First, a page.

QUEST: I think one of the fascinating parts -- and I've looked at bitcoin a bit in the coverage of the story -- is this whole idea of the algorithm that can only create so many bitcoins, and we all want to know what happens at the end of that, when the 20-odd million are created.
And then on top of that, you've got these people busy mining away for the chain of integrity and the chain and the blocks and all this sort of stuff. It's a very weird way to run a currency.
MURCK: Yes, well the mining is actually fascinating. Mining is maybe a term that's not as descriptive as it should be of the activity that's really happening. What you've done is, you've created a distributed network of computers that takes the role on of traditional financial intermediaries without having to trust any of them.
So they go and they do all this work with all this processing power to secure the network and process transactions, and they essentially do it -- and the incentive scheme for them is that they get paid in bitcoin itself. That will change over time, and it should change to a more fee-based structure. And that's what you'll see as the number of bitcoins that are issued starts tailing off.
It's actually very -- it's a very elegant solution to how you bootstrap a payment system --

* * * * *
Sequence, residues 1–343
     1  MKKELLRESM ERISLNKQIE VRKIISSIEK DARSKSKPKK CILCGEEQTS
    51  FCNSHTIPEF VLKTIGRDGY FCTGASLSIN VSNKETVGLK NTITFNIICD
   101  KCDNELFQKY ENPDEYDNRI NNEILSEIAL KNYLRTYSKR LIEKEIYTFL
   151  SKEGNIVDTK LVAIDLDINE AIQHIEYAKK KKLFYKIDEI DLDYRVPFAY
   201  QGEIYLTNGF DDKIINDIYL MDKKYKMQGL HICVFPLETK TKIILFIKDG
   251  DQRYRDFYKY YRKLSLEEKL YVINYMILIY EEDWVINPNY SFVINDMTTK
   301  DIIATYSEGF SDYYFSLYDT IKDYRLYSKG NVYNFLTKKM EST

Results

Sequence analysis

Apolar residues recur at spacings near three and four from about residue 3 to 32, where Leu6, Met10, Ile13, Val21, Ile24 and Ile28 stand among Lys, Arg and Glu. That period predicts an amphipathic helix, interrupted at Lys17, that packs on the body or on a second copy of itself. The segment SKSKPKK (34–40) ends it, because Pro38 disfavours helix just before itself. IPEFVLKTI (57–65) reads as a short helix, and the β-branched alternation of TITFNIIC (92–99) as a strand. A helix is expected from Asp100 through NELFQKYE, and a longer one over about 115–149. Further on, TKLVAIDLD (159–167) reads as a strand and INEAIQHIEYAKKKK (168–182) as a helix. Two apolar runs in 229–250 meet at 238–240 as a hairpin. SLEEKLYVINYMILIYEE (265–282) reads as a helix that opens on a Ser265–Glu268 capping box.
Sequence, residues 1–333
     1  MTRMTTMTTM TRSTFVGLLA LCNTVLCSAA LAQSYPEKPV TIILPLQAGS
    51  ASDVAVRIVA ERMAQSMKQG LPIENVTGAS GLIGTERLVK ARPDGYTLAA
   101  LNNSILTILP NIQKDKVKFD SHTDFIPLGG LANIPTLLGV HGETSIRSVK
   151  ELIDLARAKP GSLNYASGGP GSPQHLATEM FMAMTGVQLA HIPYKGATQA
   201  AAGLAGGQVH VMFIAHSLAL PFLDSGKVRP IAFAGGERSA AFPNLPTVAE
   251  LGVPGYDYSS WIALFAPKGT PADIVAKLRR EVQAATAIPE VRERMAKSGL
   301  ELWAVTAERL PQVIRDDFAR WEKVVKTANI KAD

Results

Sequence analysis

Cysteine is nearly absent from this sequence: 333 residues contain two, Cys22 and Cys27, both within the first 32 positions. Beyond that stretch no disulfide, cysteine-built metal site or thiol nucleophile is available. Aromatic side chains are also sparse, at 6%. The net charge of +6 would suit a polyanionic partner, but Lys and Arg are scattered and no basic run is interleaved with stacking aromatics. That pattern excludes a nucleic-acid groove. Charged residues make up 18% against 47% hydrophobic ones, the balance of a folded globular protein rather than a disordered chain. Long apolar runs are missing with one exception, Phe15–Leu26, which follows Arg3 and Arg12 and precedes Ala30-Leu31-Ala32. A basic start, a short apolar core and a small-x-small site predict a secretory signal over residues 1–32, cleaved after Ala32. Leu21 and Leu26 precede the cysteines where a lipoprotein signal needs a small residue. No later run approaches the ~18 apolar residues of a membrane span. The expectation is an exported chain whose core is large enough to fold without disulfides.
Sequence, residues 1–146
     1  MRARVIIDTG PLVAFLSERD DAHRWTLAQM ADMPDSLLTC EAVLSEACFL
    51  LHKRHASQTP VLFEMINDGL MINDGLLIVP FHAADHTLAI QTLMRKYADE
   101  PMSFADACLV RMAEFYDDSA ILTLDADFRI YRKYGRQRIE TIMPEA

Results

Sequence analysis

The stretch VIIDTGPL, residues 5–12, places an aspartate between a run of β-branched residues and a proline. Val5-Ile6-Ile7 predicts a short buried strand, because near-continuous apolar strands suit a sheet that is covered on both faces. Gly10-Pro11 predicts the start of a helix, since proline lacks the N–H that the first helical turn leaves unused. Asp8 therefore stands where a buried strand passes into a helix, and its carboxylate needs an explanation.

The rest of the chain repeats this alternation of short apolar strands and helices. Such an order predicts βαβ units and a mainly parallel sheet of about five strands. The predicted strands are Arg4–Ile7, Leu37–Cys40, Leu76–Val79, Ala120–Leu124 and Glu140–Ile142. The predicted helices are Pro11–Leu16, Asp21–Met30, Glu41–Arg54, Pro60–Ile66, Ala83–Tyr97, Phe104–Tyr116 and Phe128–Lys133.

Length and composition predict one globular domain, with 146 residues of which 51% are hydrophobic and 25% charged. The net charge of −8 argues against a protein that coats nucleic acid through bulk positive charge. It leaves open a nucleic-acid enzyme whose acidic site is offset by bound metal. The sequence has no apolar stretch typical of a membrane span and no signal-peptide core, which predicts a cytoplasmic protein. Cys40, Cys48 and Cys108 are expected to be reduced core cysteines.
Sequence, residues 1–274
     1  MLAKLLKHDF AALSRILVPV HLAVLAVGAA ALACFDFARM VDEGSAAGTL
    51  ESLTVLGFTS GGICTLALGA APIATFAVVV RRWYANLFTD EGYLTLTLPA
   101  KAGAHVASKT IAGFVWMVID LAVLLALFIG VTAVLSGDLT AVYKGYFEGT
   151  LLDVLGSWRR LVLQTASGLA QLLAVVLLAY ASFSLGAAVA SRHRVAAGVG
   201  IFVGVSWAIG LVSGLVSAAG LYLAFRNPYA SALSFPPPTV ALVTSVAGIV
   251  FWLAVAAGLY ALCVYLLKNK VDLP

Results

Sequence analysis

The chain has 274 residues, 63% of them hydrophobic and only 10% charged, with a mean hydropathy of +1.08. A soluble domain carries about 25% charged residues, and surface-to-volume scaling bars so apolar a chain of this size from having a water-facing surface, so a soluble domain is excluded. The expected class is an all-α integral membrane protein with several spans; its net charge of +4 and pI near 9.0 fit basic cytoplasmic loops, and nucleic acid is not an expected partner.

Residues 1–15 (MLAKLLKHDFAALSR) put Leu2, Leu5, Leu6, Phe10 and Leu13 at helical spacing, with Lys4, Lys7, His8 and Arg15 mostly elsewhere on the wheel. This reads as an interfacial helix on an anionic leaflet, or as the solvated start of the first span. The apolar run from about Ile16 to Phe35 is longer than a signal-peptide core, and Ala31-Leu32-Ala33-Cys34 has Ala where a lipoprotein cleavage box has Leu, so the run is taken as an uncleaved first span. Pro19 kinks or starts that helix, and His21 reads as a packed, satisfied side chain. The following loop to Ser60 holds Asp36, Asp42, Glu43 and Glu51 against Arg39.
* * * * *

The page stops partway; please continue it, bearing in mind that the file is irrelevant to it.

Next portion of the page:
MURCK: -- that's completely distributed and global off the ground.
QUEST: We'll talk more about this and, indeed -- I have to go and find a miner to actually watch them mining and actually see how they do it, because apparently, it's one of those difficult things. Good to talk to you. Have a happy New Year, thank you for coming on the program tonight.
MURCK: Thank you.
QUEST: Now, when we come back after the break, Target's hacking misery continues. Target is the US store that, of course, found its computers hacked. PIN numbers have been taken, credit card details have been taken, and now everybody's wondering who's being taken.
QUEST: The size and scope of this holiday season massive data breach at Target is worse than previously thought. Now, the -- it's a popular US discount retailer, Target. It's huge, in fact. Often called "Tar-jay."
Anyway, now, apparently, customers PIN data was stolen, along with other credit and debit card information, which is a change from previous assurances from the company that it previously had insisted no PIN data was stolen in the attack.
Target says this data remains strongly encrypted and security experts say will be virtually impossible for thieves to break the encryption code and steal the PIN numbers.